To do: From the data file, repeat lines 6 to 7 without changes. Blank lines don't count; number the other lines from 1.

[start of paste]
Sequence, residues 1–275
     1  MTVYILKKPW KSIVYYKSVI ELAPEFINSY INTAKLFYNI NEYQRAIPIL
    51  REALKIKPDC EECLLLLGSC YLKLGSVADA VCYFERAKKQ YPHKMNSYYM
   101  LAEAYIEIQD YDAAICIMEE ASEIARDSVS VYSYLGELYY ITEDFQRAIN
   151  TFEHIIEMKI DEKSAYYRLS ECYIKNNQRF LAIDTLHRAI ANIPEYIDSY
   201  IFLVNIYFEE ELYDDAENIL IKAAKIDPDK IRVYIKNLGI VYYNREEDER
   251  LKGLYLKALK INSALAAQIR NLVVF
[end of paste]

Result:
   201  IFLVNIYFEE ELYDDAENIL IKAAKIDPDK IRVYIKNLGI VYYNREEDER
   251  LKGLYLKALK INSALAAQIR NLVVF